On Tuesday 17 February I stood with the Egyptian Deputy Minister of Education at the Sport and Youth Development Centre in downtown Cairo, observing two minutes of silence in memory of the twenty one Egyptians murdered in Libya the previous week. I began to think about how this great country could deliver a secure and prosperous future for its people.
One thing is clear, Egypt is a country which is growing fast and which is key to the stability of the Middle East and of North Africa. It is a young country (60 per cent of Egyptians are under the age of 30), home to more than 90 million people. Around 63 per cent of unemployed people are aged between 15 and 29, with 67 per cent of this group holding diplomas and higher education certificates.
Later that day, I had the pleasure and honour of meeting the Grand Imam of Al Azhar. Over a thousand years old, Al Azhar and its University is the world's leading and oldest institution of Sunni Islam scholarship. The Grand Imam is its leader. The scale dwarfs any British theological college or university with more than half a million students and a network of schools throughout the country that teach more than ten per cent of Egypt's children.
I was there to sign an agreement between the British Council and Al Azhar to continue a partnership we have had since 2007. The agreement supports the teaching and learning of English for the University's star theology students, allowing them to take the voice of moderate Islam to non-Arabic speaking audiences internationally. The vision is that they will be able to share and explain the true meaning of Islam to the region and to the rest of the world; to those of us of other faiths and to those of us of non-Arabic Muslim heritage. In this way, Al Azhar's engagement will spread the real values of Islam and counter the violent, seductive rhetoric of extremism. As the Grand Imam remarked, "All the support for Al-Azhar will be in the interests of a peaceful world and especially a peaceful Europe."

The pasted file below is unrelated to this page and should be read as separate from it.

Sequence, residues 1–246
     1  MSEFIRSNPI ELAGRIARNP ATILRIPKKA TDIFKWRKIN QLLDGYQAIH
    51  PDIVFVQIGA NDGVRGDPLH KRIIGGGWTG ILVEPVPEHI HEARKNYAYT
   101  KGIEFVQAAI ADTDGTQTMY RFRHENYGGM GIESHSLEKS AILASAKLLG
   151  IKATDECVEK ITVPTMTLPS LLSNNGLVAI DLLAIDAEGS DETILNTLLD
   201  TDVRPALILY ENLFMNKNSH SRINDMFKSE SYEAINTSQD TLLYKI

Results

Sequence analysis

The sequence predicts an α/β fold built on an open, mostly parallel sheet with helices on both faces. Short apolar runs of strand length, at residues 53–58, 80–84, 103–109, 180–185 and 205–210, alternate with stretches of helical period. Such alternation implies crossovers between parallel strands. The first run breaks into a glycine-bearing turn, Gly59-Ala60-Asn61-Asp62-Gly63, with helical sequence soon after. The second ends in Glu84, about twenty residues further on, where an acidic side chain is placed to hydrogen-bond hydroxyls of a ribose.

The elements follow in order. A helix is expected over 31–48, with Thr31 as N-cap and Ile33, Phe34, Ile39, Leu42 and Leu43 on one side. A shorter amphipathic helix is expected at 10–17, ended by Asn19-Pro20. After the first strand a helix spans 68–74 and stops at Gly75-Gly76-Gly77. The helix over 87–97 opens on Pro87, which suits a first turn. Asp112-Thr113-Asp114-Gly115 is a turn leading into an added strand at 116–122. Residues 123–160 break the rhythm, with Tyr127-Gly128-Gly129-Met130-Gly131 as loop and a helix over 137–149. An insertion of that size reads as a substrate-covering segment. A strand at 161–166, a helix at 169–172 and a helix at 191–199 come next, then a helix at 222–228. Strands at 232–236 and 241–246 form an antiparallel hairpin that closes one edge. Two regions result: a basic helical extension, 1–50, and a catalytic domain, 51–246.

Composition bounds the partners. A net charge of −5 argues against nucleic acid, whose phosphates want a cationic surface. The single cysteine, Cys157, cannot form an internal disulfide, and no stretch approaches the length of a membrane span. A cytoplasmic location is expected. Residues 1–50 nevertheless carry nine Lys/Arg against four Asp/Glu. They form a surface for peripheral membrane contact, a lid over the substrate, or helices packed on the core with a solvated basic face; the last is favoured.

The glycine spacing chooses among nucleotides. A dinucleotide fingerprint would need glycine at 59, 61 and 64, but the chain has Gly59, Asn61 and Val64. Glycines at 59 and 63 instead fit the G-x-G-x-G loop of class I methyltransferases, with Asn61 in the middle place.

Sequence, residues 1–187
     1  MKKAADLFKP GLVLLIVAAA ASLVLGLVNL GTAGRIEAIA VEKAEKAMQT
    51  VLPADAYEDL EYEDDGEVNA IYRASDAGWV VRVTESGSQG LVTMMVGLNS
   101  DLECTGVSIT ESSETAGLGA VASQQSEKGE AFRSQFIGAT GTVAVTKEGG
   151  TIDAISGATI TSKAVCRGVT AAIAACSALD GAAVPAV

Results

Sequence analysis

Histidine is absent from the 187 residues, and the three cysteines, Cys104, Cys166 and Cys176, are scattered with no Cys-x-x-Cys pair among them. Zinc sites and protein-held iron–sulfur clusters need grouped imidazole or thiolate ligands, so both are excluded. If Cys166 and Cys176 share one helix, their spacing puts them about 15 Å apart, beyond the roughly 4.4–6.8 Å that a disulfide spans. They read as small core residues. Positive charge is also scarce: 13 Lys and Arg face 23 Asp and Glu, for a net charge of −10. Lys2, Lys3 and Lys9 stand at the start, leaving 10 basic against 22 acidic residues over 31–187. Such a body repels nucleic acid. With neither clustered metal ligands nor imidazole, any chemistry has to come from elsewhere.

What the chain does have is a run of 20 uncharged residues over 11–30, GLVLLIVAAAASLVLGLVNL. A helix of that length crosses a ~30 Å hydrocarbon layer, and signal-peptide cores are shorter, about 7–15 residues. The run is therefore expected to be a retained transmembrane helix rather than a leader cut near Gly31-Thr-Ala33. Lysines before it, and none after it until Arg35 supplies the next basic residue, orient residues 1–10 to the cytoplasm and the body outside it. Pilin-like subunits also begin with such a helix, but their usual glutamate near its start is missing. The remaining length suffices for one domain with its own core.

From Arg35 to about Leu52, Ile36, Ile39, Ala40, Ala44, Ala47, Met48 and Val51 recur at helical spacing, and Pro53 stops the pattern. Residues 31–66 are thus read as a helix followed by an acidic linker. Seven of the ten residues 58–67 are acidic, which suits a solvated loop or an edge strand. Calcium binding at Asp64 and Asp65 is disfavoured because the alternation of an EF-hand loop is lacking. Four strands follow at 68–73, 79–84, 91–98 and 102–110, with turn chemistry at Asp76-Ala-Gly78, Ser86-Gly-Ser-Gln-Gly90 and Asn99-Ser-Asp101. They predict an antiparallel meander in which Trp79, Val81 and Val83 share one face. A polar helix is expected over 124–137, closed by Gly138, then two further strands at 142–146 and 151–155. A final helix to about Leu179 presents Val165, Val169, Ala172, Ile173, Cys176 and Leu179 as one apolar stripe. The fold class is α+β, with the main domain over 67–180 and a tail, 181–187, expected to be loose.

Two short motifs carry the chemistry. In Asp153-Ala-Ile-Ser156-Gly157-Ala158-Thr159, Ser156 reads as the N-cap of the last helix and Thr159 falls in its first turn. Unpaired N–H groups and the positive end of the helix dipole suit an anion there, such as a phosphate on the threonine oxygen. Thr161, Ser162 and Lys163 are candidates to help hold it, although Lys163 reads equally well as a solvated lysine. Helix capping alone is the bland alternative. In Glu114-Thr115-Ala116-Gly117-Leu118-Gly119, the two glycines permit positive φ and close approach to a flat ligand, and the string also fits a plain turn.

The Grand Imam's vision is also that fluency in English will allow scholars from Al Azhar to study and learn about Christianity and Judaism in international universities and to bring that learning back to the theological faculties of Al Azhar.
By improving the English language skills of Al Azhar's teachers in Egypt's education system, they will be better placed to train their pupils to succeed in business and academia. Eight hundred thousand new jobs need to be created every year just to meet the demand of the young Egyptians entering the market, which include over four hundred thousand graduates leaving higher education annually. That is eight hundred thousand new jobs for the economy just to stand still.
Education in Egypt is valued but under strain from these growing numbers. Improving access without diluting quality is the challenge for the country's Ministry of Education and the stakes are high. It is evident from my visit that this great, proud and important nation is moving forward despite the huge challenges it faces; that a successful Egypt will build a strong, dynamic region and will play a crucial role in seeing off instability and the destructive, murderous narrative of extremism. The understanding of English is part of that.
The English language is now an essential 21st century skill, as relevant to inter and intra-faith dialogue as to commerce. This enthusiasm to learn comes not because English is a replacement language, but because it has become an essential additional language. And with it, alongside those opportunities for education, careers and outside investment, comes the communication skills necessary for connecting cultures and ultimately enriching them.
Governments and institutions across the world recognise the importance of encouraging the study of English as part of this narrative. As the United Kingdom's international cultural relations organisation, we are privileged to play our part to support these academic and economic ambitions, ambitions that strengthen cultural links between societies across the globe. These links are essential if there is to be long term security and prosperity for the Middle East and North Africa, for Europe, and for the world.